Many had lost confidence and motivation. My job was to rekindle them. I discovered each dreamt of going to New York to shop. They understood they would need English for that. They also knew that to have a decent job in Israel, English is required. Rather than drill them in vocabulary, as their teacher suggested, I encouraged them to talk about what they knew and what interested them. The girls sought words to tell me about their families, their social life, and their aspirations. I wrote down what they said and asked them to take it home and read it. I encouraged them to watch television programs with English subtitles.
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My approach, according to the teacher, met with some success. And I felt privileged to spend time with the girls, who were delightful, polite and respectful. All spoke positively of their school, were fond of the teachers, who in turn cared deeply about them.
The school offers a warm environment where the girls learn a lot about how to live. I appreciated the many gestures of loving kindness among the students, and between the students and teachers.
The teachers are nurturers. I observed an example of that in the staffroom one day at break time. A younger student came to the entrance with a package of soup to which boiling water had to be added. The teachers closest to the entrance, engaged in scheduling, stopped what they were doing. One of them added the water to the soup, and then returned it to the student. I could see that this type of help is common.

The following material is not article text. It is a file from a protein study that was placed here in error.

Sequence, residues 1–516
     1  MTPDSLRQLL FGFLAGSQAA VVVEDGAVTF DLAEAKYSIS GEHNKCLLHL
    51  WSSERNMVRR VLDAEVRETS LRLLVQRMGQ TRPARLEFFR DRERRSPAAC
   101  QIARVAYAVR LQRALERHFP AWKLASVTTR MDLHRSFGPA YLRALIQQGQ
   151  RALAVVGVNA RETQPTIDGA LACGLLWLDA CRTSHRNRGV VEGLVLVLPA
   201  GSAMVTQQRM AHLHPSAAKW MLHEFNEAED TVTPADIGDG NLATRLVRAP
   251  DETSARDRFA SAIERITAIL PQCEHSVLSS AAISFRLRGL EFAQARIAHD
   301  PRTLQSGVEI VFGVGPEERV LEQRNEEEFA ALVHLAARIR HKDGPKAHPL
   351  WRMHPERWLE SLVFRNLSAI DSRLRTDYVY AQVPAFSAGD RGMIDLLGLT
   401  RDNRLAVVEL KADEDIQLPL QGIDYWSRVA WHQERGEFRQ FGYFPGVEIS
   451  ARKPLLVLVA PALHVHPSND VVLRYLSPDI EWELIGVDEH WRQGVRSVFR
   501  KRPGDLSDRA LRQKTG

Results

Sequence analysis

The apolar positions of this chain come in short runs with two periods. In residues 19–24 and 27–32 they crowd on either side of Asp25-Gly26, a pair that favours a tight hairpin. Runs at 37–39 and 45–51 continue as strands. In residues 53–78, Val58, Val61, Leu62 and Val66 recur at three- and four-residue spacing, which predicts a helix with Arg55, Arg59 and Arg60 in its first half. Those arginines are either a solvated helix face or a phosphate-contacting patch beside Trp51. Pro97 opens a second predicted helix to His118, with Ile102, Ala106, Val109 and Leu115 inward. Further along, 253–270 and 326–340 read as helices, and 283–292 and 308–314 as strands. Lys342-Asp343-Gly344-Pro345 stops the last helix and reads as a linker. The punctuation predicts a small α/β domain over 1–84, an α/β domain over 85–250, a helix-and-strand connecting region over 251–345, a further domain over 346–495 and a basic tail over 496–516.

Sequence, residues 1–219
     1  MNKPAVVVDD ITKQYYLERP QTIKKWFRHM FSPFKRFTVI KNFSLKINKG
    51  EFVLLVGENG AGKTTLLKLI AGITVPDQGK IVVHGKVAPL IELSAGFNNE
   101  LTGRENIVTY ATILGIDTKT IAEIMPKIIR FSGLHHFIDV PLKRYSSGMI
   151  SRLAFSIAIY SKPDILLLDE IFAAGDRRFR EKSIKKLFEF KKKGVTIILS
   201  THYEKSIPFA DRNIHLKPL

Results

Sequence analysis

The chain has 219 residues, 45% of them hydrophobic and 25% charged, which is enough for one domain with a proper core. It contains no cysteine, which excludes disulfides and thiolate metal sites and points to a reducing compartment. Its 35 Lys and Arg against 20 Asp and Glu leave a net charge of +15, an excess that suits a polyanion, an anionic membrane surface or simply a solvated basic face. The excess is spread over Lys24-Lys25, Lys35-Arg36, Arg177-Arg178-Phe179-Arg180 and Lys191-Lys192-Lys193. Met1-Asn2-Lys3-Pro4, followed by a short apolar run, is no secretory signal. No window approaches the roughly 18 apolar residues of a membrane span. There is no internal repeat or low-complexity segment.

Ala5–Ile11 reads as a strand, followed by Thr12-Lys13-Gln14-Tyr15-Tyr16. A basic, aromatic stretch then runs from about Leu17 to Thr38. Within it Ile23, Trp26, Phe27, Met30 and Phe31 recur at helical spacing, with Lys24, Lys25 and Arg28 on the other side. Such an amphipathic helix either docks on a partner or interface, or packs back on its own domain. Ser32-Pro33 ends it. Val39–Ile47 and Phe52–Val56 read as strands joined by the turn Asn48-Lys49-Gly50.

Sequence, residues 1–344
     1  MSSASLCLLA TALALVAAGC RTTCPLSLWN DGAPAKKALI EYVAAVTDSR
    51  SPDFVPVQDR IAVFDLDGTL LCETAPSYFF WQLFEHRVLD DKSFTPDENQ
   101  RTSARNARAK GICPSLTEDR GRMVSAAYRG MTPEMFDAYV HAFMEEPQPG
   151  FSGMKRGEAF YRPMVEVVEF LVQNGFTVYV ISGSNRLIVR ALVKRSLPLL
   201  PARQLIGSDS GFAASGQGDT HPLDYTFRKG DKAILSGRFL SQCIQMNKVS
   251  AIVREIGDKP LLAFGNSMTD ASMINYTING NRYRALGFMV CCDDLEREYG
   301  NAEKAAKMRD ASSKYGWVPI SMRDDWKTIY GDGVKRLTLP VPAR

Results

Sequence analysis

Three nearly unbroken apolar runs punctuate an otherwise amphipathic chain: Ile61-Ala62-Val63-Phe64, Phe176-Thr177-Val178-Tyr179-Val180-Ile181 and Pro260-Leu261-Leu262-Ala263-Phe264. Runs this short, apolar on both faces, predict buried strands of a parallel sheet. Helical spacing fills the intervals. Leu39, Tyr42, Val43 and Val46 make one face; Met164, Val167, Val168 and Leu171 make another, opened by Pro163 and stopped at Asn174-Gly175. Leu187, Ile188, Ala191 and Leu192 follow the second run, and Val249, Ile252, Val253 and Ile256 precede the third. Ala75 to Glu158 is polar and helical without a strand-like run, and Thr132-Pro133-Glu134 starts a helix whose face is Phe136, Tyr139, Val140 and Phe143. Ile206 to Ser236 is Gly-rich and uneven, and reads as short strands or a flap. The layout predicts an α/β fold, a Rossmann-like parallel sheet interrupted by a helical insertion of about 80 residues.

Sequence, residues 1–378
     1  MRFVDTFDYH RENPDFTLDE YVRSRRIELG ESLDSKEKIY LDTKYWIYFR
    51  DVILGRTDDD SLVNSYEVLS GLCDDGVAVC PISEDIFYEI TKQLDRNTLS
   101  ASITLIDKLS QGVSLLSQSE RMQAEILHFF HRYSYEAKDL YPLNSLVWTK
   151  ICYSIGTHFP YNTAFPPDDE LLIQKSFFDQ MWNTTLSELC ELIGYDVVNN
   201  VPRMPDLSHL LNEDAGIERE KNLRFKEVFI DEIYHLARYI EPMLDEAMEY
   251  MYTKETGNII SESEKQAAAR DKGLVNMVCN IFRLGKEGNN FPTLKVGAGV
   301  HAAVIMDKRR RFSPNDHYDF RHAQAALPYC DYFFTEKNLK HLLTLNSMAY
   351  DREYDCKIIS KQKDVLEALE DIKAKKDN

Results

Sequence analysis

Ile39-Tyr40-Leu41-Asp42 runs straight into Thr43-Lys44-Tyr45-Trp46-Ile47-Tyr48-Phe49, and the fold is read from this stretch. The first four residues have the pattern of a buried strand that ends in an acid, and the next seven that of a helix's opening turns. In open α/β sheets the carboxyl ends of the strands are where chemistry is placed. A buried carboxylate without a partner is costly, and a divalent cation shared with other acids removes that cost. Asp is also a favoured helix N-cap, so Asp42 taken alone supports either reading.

Among the girls I coached, there were a number of Ethiopians. They talked to me about the racism they experience. In the school, they said, there’s no racism but if they even go to the park, they are often addressed as Shachor (black). These girls are, bright and beautiful and should be treasured. Biting back my tears, I tell them so. Their teacher, Michal, confirms what the girls have said, as does Esther, the head of education for Bat Yam.
Life in Israel is full of surprises. I had a pleasant one when, as a visitor, I sought medical help for a cough. A doctor in a private clinic referred me to Terem, a public clinic for refugees and visitors in the central bus station in Tel-Aviv. I arrived at 8 a.m. with my passport. A half dozen people, Africans with small children, were waiting to see the doctor. Within an hour, I saw the doctor, received a diagnosis and was given a prescription. The fee is universal: everyone pays less than $7.
I read a paper, framed on the wall, about the founder of the clinic, Dr. David Applebaum. Born in the U.S., Dr. Applebaum was an ordained rabbi and a physician. In Israel, he made an enormous contribution to emergency medical care by creating the Terem medical centers to reduce the volume of requests at hospital emergency rooms. Dr. Applebaum was also the chief of the emergency department at the Shaare Zedek Medical Center. Along with his 20-year-old daughter, he was murdered in 2003, in a terrorist attack on the Café Hillel in Jerusalem. His daughter was to be married the next day. Dr. Applebaum was 51.
Along with coaching, I also volunteered once a week at a hospital/rehab centre where I observed staff interacting with patients with loving kindness. For example, residents were encouraged to dress in their own clothes, but, if they felt more comfortable, staff let them stay in their pyjamas. Staff took pains to encourage residents to participate in the centre’s many activities. And, when it came to feeding those who needed help, the dishes offered looked tasty and the help was given kindly.
There is no doubt that being a volunteer for Skilled Volunteers for Israel enriched my two-month stay. It made me feel integral to the society, not an outsider. The staff of Skilled Volunteers are kind, thoughtful and professional. I learned a lot and met gracious, delightful people including fellow volunteers.
Yes, I would do it again.
NOTES: *Ma asita hayom? (What did you do today?), song by Aaron Razel.
**On January 1, 2016, a gunman opened fire on several businesses on Dizengoff Street, in Tel Aviv, killing two people and injuring seven others. He also killed a taxi driver while fleeing.